Administration of justice, Attorneys General, professional duty, professional responsibility, legal ethics
The lawyer’s duty to encourage respect for the administration of justice remains largely amorphous and abstract. In this article, I draw lessons about this duty from historical instances in which Attorneys General inappropriately criticized judges. Not only are Attorneys General some of the highest-profile lawyers in the country, but they also face unique tensions and pressures that bring their duties as lawyers into stark relief. I focus on the two instances where law societies sought to discipline Attorneys General for such criticism of judges, as well as a more recent instance in which no discipline proceedings were pursued. I also consider the obligations of Attorneys General when other Ministers inappropriately criticize judges. I conclude that a lawyer must take all reasonable steps in the circumstances to confirm the factual and legal accuracy of any criticism of the judiciary; that law societies should allow reasonable but defined latitude for public criticism of judges; and that, where a client inappropriately criticizes the judiciary, their lawyer must make good-faith efforts to urge the client to discontinue and apologize for such criticism—and if those efforts are unsuccessful, the lawyer must repudiate that criticism themselves or withdraw.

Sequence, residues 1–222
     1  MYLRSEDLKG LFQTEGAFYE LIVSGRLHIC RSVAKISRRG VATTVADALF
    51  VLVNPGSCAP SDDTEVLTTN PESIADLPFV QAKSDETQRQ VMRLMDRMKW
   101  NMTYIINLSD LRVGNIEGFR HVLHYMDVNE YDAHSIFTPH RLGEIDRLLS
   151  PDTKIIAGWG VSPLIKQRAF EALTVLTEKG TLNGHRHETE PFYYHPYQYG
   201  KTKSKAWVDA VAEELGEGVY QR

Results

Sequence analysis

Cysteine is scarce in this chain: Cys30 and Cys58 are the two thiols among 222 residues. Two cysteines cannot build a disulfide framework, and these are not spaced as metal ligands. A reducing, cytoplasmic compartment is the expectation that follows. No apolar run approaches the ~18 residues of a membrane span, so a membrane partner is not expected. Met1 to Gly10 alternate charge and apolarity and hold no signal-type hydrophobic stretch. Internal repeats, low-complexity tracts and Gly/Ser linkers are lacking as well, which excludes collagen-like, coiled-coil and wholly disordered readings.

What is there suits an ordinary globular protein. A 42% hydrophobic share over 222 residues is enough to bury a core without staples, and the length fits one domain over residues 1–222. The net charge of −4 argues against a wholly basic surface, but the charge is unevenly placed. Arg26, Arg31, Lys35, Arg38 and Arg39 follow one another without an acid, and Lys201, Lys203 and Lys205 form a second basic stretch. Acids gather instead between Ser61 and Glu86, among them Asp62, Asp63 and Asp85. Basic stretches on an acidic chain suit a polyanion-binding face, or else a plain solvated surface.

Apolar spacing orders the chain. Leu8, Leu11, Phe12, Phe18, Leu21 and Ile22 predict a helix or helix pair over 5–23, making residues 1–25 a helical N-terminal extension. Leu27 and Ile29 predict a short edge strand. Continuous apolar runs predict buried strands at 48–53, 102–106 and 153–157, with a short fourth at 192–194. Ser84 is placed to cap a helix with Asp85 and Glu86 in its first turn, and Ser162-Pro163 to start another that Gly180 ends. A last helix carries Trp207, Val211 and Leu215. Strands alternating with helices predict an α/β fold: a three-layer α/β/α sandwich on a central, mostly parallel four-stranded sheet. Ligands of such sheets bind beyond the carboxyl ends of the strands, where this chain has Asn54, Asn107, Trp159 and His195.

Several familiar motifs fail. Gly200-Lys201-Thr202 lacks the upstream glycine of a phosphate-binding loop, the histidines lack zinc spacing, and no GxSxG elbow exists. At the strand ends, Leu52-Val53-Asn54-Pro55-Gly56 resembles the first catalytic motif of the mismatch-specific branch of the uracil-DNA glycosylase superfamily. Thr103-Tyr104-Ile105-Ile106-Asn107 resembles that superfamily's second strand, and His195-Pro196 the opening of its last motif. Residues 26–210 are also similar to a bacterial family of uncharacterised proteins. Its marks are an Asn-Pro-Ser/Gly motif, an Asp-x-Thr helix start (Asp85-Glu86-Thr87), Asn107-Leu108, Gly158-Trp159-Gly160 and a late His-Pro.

Andrew Flavelle Martin, "The Lawyer’s Professional Duty to Encourage Respect for—And to Improve—the Administration of Justice: Lessons from Failures by Attorneys General" (2023) 54:2 Ottawa L Rev 247.
Ottawa L Rev